Date of Award


Degree Type


Degree Name

Master of Science


Plant Sciences

Major Professor

John C. Sorochan

Committee Members

James T. Brosnan, Thomas J. Samples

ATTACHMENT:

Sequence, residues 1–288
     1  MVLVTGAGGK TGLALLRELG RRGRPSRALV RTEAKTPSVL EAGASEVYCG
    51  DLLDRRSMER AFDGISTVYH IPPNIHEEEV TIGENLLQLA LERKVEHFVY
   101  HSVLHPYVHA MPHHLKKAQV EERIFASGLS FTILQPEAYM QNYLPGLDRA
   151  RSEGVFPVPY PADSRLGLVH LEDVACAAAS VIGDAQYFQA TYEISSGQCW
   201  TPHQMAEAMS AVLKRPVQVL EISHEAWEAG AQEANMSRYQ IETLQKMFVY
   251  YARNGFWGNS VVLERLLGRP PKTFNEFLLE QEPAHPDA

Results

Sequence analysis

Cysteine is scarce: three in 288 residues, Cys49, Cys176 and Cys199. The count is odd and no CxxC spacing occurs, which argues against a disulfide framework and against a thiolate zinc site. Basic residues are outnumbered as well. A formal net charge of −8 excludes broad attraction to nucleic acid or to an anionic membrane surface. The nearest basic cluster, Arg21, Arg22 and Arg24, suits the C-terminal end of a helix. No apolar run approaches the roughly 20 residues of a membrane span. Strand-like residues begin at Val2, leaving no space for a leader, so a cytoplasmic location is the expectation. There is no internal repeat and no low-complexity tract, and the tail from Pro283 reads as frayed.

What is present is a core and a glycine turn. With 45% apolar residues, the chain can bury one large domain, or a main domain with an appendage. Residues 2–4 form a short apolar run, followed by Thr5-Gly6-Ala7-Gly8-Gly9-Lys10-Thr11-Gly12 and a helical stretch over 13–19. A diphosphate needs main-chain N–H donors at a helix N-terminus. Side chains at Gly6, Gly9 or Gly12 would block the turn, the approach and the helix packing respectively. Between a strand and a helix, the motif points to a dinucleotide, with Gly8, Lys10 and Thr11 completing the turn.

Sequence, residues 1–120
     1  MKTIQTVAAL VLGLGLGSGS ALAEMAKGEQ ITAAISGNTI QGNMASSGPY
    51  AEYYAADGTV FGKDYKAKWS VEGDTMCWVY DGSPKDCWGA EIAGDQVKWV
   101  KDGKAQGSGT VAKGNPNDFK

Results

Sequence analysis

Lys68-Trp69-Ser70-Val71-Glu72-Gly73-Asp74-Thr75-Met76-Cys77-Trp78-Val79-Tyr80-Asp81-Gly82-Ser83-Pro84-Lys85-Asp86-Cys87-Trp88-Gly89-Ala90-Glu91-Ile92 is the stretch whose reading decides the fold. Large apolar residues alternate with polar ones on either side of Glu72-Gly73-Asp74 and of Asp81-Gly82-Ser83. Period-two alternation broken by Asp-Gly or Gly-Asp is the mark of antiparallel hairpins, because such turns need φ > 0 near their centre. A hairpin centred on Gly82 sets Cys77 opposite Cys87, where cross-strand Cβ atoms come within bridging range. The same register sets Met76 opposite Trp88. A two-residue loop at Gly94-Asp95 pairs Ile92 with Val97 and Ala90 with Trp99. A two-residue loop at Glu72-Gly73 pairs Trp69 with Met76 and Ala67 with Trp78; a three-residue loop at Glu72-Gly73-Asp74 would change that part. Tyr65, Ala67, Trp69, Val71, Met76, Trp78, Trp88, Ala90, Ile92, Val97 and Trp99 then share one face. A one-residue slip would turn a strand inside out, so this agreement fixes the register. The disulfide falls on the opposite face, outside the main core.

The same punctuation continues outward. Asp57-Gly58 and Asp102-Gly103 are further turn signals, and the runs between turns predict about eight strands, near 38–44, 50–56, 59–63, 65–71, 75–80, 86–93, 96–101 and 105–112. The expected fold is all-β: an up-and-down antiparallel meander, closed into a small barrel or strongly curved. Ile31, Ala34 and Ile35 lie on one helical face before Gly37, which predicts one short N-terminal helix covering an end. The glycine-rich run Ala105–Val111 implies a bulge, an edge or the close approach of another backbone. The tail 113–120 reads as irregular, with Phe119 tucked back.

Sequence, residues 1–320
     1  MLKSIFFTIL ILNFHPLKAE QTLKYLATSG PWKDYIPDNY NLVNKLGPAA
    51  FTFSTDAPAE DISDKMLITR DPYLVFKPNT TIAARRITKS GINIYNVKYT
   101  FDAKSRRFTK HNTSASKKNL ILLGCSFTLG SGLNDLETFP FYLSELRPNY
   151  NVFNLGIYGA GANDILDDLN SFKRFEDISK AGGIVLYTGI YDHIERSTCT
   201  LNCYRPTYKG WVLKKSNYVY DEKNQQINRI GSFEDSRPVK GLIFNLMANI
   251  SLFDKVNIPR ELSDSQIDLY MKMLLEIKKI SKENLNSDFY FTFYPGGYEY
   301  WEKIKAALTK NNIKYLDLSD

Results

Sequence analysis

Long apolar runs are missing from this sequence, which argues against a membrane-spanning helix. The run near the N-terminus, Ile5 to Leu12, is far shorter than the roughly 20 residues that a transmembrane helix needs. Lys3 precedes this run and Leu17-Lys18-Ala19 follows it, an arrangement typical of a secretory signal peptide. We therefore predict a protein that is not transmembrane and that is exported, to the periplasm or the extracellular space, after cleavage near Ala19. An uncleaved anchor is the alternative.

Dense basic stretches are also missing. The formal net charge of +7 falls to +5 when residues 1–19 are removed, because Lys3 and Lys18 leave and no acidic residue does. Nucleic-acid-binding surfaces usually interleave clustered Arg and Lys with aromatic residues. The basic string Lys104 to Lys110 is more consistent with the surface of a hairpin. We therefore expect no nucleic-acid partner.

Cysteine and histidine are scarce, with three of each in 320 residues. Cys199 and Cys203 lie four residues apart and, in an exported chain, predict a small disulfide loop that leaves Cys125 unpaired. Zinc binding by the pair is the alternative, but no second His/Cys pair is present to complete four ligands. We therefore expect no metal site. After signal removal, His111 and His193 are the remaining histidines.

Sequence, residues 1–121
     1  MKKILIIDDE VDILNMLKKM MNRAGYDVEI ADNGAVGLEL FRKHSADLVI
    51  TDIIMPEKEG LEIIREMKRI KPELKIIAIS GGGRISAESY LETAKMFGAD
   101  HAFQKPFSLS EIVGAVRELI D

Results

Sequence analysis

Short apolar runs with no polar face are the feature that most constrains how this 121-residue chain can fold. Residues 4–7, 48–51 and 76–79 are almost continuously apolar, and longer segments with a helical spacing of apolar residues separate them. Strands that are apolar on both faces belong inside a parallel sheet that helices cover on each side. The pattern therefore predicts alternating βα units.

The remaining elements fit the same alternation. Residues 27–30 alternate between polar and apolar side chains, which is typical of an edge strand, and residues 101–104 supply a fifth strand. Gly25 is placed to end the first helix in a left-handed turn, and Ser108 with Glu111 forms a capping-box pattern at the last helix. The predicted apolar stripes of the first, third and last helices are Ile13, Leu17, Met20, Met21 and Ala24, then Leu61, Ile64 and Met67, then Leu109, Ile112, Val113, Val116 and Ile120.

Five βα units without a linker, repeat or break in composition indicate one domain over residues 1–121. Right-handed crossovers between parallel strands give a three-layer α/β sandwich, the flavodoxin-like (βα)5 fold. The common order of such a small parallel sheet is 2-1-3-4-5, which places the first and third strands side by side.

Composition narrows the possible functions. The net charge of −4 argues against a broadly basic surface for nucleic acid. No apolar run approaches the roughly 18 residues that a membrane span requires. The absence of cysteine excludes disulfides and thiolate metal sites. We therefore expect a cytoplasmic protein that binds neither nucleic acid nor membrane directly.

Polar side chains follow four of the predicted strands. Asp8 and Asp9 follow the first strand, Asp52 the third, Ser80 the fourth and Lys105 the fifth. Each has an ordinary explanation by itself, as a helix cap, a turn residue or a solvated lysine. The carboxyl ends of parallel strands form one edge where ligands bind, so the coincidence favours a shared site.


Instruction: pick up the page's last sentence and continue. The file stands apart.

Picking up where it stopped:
Synthetic turf research plots containing crumb rubber (CR) infill were established in Knoxville, TN in 2012 and 2013. Calcined clay (CC) was amended to CR in several ratios: a 50:50 (vol vol-1) blend; a 50:50 blend with a polymer coating on CC (50 CR:50 CCC); a 15 mm layer of CC under 15 mm of CR (CR over CC); and a 15 mm layer of CC over 15 mm of CR (CC over CR). A 100% CR and a 70:30 blend of CR to sand (70 CR:30 S) were included for comparison. Surface temperature was measured in the summer of 2012 and 2013 at -10, 0, 30, 60, 90, 120, and 150 minutes following 2.8 cm of irrigation. Irrigation reduced surface temperature 60 to 85% regardless of treatment. By 30 minutes after irrigation, surface temperature increased to 74 to 102% of the temperature recorded 10 minutes prior to irrigation. Temperature on the 50 CR:50 CC and CC over CR treatments 150 minutes after irrigation were 10 to 24% and 20 to 21% lower than the hottest surfaces, which ranged from 95 to 137% of the pre-irrigation temperature. Simulated traffic was applied using the Cady Traffic Simulator for a total of 180 traffic events each year. Trends in surface hardness among treatments were inconsistent over years with values ranging from 70 to 160. CC modified infill treatments resulted in a faster increase of surface hardness with traffic compared to 100% CR and 70:30 S. Traffic affected particle size diameter of infill materials. Infill particles ranging in size from 3.35 to 1.0 mm decreased in diameter an average of 1.0 to 12.0%. Particles ranging from 1.0 to <0.002 mm increased in diameter an average of 0.3 to 3.8%. This increase in size was least pronounced for the 100% and 70 CR:30 S treatments and most pronounced for treatment CC over CR. Significant temperature differences were not consistent among treatments and surface hardness with CC tended to measure higher than 100% CR and 70 CR:30 S. The results of this experiment indicate the use of CC in synthetic turf may be limited.

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